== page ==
“We were still able to, as an essential business, have all operations running on all cylinders,” Carson said. “Our branches were still open because banks were designated as providing an essential service.”
While Santa Cruz County Bank does not offer conventional mortgages or auto lending, it will refer its customers to local credit unions that do offer those products. The credit unions are a part of the community, and Santa Cruz County Bank sees them as partners.
Santa Cruz County Bank also partners with the Santa Cruz Small Business Development Center to offer free courses to help business owners get their finances in order. The courses show users how to write a business plan, how to understand spreadsheets, and how to create a balance sheet.
One of the bank’s newest additions is its Asset-Based Lending (ABL) department. It was launched with industry veterans who had created successful ABL departments with other banks in the region. The bank said it receives inquiries from all over the state because of good word-of-mouth on its ABL financing options.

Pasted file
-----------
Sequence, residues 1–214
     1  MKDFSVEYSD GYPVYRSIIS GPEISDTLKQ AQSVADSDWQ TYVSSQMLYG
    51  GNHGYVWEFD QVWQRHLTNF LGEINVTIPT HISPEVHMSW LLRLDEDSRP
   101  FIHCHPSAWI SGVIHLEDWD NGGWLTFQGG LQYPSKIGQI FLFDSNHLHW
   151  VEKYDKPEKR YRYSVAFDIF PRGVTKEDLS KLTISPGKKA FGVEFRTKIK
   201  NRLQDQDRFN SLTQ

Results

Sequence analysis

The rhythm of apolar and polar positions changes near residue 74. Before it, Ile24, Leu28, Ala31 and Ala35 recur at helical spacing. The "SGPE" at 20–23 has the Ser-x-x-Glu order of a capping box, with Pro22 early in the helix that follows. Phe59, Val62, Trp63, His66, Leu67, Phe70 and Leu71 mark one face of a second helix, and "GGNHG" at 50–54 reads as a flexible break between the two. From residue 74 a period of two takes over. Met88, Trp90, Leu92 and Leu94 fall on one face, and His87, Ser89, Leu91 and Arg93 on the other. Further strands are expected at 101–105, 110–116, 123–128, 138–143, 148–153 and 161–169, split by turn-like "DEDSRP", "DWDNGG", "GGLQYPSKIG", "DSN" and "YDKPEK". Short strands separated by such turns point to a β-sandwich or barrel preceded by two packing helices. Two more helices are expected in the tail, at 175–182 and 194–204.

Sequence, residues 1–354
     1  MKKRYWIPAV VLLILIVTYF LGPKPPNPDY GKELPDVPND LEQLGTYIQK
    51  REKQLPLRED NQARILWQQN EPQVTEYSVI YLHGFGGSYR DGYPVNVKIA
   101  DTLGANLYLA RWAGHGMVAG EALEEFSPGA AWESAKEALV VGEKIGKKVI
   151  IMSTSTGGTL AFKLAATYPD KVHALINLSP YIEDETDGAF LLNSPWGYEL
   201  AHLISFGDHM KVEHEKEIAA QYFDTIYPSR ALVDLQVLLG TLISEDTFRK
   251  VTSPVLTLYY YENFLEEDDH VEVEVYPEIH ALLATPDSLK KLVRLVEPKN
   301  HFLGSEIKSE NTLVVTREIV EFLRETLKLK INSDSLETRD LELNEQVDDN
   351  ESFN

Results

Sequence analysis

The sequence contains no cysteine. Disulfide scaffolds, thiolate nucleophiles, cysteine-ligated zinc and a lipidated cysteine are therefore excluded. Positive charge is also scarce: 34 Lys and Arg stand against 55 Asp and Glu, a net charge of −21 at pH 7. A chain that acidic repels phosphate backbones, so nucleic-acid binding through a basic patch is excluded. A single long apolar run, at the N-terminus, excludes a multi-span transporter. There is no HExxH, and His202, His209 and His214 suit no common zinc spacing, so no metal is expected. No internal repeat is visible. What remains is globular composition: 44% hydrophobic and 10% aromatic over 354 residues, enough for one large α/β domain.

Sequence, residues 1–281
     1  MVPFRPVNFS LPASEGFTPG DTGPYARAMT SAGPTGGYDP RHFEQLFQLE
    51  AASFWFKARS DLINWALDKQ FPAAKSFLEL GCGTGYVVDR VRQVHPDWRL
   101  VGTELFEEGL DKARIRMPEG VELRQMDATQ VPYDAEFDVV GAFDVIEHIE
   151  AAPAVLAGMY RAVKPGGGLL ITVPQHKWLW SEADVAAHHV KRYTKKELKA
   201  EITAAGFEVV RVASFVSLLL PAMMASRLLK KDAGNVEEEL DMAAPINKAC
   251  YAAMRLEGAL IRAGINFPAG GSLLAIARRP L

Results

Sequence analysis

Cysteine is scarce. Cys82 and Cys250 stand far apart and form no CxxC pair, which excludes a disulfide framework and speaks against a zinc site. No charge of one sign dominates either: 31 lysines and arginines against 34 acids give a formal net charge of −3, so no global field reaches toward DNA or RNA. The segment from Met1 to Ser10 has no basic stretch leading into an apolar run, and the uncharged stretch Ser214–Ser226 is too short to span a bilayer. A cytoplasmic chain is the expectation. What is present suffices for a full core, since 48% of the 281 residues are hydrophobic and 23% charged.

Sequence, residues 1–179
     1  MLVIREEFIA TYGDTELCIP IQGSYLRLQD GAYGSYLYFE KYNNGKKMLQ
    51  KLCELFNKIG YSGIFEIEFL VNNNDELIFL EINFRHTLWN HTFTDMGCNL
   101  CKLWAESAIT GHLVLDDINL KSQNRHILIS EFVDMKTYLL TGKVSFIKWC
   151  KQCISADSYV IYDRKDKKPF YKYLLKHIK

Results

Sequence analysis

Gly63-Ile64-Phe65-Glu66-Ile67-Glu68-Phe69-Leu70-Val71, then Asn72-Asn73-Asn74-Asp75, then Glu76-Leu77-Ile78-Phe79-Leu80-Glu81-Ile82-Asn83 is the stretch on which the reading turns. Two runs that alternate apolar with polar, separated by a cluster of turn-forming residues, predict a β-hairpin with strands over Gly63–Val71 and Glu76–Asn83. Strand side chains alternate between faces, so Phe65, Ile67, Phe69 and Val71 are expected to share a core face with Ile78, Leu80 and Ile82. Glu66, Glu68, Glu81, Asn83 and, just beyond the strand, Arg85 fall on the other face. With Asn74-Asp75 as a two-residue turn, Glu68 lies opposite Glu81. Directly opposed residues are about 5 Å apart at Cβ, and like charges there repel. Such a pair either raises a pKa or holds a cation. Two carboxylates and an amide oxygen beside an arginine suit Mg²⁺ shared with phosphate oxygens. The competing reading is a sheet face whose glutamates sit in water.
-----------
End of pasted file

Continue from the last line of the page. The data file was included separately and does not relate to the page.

“Today, our team continues to work with businesses in processing PPP forgiveness applications and to ensure every ‘i’ is dotted and ‘t’ is crossed,” said Santa Cruz County Bank Executive Vice President and Chief Lending Officer Angelo DeBernardo, Jr. “This is community banking at its best, caring for and supporting our business community and our neighbors.”
Helping People Tackle Financial Challenges